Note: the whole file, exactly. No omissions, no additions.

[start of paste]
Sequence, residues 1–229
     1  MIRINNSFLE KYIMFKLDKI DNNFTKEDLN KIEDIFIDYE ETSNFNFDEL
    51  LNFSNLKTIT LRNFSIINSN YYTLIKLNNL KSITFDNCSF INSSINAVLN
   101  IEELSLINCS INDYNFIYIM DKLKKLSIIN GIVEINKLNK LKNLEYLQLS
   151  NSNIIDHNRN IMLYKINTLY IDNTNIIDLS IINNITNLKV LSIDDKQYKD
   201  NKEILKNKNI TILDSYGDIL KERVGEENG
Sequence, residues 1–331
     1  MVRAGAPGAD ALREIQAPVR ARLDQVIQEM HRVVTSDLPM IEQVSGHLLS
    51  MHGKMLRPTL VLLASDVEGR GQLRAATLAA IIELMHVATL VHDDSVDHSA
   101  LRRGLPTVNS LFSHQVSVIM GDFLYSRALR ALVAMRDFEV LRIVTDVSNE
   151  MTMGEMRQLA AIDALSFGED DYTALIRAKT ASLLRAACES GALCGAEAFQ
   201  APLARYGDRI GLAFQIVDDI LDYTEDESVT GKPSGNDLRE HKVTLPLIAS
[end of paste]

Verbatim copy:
Sequence, residues 1–229
     1  MIRINNSFLE KYIMFKLDKI DNNFTKEDLN KIEDIFIDYE ETSNFNFDEL
    51  LNFSNLKTIT LRNFSIINSN YYTLIKLNNL KSITFDNCSF INSSINAVLN
   101  IEELSLINCS INDYNFIYIM DKLKKLSIIN GIVEINKLNK LKNLEYLQLS
   151  NSNIIDHNRN IMLYKINTLY IDNTNIIDLS IINNITNLKV LSIDDKQYKD
   201  NKEILKNKNI TILDSYGDIL KERVGEENG
Sequence, residues 1–331
     1  MVRAGAPGAD ALREIQAPVR ARLDQVIQEM HRVVTSDLPM IEQVSGHLLS
    51  MHGKMLRPTL VLLASDVEGR GQLRAATLAA IIELMHVATL VHDDSVDHSA
   101  LRRGLPTVNS LFSHQVSVIM GDFLYSRALR ALVAMRDFEV LRIVTDVSNE
   151  MTMGEMRQLA AIDALSFGED DYTALIRAKT ASLLRAACES GALCGAEAFQ
   201  APLARYGDRI GLAFQIVDDI LDYTEDESVT GKPSGNDLRE HKVTLPLIAS